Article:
Movies about musicians usually follw almost the same pattern all the time: Youngster falling in love with music, evolving, being discovered, getting famous, the downfall/crisis, rise again, then either musical event of their life or downfall again and death by accident, drugs, suicide or all of it. Probably, this does not match with film music composers that usually spent most time just working, getting wealthy and old, no scandals etc.

 

But this whole development of film composers, especially Williams, getting rejected by classical music community and getting accepted after long years, at last conducting big philharmonic orchestras would be a story worth telling or not? I want to see that movie.

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15 hours ago, Jay said:

If Spielberg makes another movie after the Fabelmans and Williams is still happy and healthy there's no way he won't score it.

I agree. Also, since 2005 we've had many periods where we never knew if Williams would score another film ever again. Now we know he has two films in the pipeline - that's more than we usual can be sure of. Let's see what happens after Indiana Jones 5 (film score-wise - luckily we know he's gonna keep writing music as long as he's able).

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16 hours ago, Jay said:

If Spielberg makes another movie after the Fabelmans and Williams is still happy and healthy there's no way he won't score it.

 

I think it might depend on the type of film. For example, if Spielberg made Ready Player One next year, I don't see Williams being interested.

 

On the other hand, if he circles back to a film like Edgardo Mortara, I could see JW scoring it.

 

For some reason I think Spielberg is finished with making big budget genre films now anyway.

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1 hour ago, GerateWohl said:

There are too few bio pics about director composer relationships. 

Movies about musicians usually follw almost the same pattern all the time: Youngster falling in love with music, evolving, being discovered, getting famous, the downfall/crisis, rise again, then either musical event of their life or downfall again and death by accident, drugs, suicide or all of it. Probably, this does not match with film music composers that usually spent most time just working, getting wealthy and old, no scandals etc.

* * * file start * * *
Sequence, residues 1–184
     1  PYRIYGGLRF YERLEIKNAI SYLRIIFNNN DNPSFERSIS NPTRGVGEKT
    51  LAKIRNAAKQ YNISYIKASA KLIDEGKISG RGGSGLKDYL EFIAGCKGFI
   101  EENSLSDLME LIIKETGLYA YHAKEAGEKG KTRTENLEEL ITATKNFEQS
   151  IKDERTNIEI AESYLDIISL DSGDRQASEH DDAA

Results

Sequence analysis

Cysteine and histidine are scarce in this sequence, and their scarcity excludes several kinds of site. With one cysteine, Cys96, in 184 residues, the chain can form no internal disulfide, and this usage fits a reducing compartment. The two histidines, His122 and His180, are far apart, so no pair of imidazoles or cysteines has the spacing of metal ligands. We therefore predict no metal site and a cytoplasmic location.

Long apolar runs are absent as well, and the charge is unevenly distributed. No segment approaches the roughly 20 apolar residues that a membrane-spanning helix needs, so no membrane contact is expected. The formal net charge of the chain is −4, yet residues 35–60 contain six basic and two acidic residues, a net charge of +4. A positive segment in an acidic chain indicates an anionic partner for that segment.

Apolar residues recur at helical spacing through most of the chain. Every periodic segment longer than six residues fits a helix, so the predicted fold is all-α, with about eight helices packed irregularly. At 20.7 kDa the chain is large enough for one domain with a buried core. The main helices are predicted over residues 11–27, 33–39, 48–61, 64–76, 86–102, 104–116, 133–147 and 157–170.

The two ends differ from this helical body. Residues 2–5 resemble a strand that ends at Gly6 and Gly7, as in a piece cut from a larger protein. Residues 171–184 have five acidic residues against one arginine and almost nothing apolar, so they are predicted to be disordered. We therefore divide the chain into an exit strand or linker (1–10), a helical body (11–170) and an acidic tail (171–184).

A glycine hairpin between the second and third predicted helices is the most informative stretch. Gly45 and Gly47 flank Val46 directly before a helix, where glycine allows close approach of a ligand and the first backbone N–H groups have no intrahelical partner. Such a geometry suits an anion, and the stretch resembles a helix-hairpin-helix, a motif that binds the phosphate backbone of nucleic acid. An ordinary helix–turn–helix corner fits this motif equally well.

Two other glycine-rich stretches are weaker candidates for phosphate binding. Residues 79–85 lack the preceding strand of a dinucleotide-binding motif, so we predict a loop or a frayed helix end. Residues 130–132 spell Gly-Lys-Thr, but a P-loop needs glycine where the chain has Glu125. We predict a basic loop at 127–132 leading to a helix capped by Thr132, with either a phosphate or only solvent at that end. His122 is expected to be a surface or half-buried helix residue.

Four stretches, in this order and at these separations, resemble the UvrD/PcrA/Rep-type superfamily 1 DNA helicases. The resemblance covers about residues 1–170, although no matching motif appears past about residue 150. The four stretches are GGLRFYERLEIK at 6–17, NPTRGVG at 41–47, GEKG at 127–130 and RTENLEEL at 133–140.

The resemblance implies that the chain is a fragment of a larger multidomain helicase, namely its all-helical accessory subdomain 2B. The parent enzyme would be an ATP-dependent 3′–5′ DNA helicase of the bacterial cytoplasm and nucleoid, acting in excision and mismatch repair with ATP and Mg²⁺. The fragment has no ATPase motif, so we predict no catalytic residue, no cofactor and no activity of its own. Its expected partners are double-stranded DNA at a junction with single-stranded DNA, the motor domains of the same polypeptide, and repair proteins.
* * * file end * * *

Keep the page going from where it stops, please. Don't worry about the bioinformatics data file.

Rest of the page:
But this whole development of film composers, especially Williams, getting rejected by classical music community and getting accepted after long years, at last conducting big philharmonic orchestras would be a story worth telling or not? I want to see that movie.

 

Btw, I didn't mean Spielberg doing a JW biopic, but an actual documentary.

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2 minutes ago, TownerFan said:

Btw, I didn't mean Spielberg doing a JW biopic, but an actual documentary.

That would probably be the best. All that footage that Spielberg created by filming his scoring sessions over the years must be good for something.

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When do you think interview with Williams was done?  Sometimes these are a full month or so in advance.  

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1 minute ago, Tom said:

When do you think interview with Williams was done?  Sometimes these are a full month or so in advance.  

 

I reckon we'll see hints of the recording sessions on the JKMS social media page when the sessions start.

 

But yeah, in all likelihood the interview took place in January, so they might be recording this month.

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Well the "next month" part was Burlingame, not a direct Williams quote, and Burlingame knew when this article was being published.

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On 14/02/2022 at 12:24 PM, GerateWohl said:

If this is sad news for you, I conclude you are planning to stay in your day job until you are 100? ;)

 

Sorry for kidding. But for me this is great news in every possible way. This 90 year old fellow plans to continue making music! Writing. Conducting. I mean, how good could it get?

After all the rumours and stories how this worked in ithe production of Rise of Skywalker and how much he had to work for the trash can, I think, it is also much more valuable for us fans to get more of his concert works rather than another score.

 

hahaha I plan for that, indeed :P That's why I said I understand him, is a sad news for me and for cinema.

 

I usually enjoy more his movie scores than concerts but is his choice not mine!

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Being the last Spielberg score- I suppose there will be plenty of media coverage. And hoping that once Spielberg wraps this one up he actually compile and make a formal documentary on Williams alomng with the footages he has collected so far from their entire collaborations. 

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Was I the only one who liked the stylized photos in the NYT piece?  I liked them a lot actually.

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2 hours ago, Jay said:

 

WilliamsNYTimes.jpg


Wow; that is awesome! Unfortunately, now I have to decide between keeping the photo of the Maestro taken for the Christmas 2020 issue of BBC Music or use this photo instead for my Apple playlist